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Ask Amy: ‘Best of’ column concerns adoption

Amy Dickinson, Tribune Content Agency on

Your sister is old enough to learn her adoption story. She was always old enough to know this story, because her story tells the truth about her life.

This story is nothing to be ashamed of or worried about, except, of course, when it becomes this big and powerful secret that the whole family must keep.

Tell your mother you are worried that another family member will tell your sister the truth, and this would turn a wonderful story into a confusing and traumatic event for everyone.

I assume that because of the difference in your ages, you have quite distinct memories of your own of your sister’s adoption into the family.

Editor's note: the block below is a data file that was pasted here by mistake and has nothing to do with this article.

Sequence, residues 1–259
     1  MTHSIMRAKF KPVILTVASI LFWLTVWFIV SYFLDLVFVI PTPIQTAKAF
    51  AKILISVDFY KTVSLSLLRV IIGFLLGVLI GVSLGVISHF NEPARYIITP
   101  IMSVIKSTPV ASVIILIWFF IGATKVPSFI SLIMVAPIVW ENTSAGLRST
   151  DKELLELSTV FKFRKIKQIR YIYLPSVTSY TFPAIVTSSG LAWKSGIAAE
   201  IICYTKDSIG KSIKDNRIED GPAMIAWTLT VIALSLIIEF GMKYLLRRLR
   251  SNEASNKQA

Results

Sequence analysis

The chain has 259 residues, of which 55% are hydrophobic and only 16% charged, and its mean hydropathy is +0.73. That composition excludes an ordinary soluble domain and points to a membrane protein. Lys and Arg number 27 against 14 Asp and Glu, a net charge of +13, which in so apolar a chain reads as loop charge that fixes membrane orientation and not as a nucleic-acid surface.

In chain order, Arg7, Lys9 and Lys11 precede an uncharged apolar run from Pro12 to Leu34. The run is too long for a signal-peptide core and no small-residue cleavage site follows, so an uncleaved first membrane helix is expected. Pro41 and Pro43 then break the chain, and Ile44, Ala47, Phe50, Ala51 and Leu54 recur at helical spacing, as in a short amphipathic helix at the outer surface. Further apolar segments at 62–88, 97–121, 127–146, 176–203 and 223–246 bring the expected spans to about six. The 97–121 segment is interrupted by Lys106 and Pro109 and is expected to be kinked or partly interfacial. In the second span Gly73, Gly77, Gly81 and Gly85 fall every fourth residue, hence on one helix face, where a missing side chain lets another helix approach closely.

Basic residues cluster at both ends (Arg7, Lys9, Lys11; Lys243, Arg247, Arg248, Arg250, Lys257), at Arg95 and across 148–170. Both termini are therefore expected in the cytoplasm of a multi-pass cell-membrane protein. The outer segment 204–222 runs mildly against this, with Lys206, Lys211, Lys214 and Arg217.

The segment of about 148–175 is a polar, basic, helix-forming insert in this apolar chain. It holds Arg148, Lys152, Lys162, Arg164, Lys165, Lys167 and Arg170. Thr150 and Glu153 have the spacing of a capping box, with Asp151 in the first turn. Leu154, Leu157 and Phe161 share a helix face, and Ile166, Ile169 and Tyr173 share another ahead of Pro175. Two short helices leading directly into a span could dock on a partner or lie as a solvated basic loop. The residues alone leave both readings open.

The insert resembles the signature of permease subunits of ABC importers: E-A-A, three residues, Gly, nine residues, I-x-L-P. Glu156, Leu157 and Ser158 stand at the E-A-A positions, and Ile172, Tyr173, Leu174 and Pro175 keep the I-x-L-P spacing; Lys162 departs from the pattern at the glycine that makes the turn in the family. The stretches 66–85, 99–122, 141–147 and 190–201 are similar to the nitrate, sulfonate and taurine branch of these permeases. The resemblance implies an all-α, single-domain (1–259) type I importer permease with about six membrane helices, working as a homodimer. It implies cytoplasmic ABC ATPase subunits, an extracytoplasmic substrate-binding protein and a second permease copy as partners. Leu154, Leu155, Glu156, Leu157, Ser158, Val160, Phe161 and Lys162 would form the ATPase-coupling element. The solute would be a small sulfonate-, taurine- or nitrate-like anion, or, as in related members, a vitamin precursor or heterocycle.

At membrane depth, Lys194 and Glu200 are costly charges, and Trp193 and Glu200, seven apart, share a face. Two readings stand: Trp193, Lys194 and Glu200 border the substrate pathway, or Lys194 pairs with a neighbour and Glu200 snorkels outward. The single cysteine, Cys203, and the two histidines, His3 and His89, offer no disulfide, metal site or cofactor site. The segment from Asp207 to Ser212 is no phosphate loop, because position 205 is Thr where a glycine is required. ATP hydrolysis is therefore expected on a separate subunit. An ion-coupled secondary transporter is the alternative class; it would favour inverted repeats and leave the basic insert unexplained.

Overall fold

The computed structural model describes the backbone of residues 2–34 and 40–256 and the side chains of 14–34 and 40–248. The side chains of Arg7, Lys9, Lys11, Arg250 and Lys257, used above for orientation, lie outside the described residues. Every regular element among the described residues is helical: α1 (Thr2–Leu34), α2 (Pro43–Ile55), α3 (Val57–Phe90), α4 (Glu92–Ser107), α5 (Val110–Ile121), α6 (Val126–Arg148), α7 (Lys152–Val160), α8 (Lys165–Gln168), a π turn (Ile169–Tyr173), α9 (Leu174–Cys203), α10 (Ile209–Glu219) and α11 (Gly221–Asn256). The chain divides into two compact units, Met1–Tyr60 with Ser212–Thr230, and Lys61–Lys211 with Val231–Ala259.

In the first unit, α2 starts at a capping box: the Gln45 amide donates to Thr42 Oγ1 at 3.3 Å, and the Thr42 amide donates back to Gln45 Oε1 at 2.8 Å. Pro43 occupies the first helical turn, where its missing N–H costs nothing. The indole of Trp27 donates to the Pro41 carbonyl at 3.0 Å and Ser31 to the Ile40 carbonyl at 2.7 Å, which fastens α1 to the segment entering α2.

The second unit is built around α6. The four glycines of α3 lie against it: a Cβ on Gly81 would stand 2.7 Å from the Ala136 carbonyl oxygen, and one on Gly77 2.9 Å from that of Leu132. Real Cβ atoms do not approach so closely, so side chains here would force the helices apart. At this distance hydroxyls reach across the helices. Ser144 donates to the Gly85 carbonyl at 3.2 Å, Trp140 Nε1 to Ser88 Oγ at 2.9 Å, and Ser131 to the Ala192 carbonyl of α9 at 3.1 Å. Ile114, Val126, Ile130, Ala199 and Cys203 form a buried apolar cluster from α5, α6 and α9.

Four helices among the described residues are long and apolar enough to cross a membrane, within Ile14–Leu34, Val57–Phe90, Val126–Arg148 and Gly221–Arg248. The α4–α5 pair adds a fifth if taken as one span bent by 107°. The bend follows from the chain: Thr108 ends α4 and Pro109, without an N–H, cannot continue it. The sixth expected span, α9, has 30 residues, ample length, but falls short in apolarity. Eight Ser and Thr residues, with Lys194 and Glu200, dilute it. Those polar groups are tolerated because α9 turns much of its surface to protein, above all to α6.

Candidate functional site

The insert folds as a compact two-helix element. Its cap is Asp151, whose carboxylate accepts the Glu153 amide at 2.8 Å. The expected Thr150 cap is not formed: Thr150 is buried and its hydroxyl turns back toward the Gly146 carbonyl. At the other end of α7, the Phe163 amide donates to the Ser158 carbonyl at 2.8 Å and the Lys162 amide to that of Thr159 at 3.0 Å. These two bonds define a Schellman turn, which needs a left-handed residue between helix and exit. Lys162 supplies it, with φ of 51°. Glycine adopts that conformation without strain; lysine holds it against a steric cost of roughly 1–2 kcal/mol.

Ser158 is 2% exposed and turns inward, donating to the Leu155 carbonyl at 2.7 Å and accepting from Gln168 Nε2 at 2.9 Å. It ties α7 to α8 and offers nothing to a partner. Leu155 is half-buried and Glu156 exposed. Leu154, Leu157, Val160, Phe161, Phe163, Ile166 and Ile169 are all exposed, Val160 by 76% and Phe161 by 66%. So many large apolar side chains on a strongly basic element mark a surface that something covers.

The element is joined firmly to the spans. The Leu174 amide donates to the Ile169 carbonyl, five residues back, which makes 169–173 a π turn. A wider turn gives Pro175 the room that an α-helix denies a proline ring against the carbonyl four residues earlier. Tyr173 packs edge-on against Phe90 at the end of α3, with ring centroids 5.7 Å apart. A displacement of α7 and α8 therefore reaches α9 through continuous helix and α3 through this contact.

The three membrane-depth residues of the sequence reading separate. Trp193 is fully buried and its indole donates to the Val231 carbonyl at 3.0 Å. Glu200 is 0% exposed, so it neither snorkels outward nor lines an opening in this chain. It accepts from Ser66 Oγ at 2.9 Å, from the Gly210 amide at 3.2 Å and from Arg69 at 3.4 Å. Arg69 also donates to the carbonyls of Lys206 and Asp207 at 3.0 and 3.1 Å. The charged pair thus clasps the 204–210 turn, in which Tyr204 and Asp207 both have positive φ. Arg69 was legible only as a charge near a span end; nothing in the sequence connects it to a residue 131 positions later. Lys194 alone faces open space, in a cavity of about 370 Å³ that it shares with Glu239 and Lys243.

You should tell your mother that you will never lie about this and that if asked you will tell the truth.

You don’t mention your father, but he would be the obvious choice to help you advocate for the truth.

 

A book that would provide inspiration to your parents is, “Talking with Young Children about Adoption,” by Mary Watkins and Dr. Susan Fisher (1995, Yale University Press).

This book not only suggests ways to have this talk, but also anticipates the many questions that children frequently ask. – Junes 2012

Dear Amy: I disagree with your advice to “Distressed Sister.” Adoption is between the parents and the child.

Everybody else should stay out of it. This sister should be told, “If you ever adopt a child, you can handle it the way you like.”

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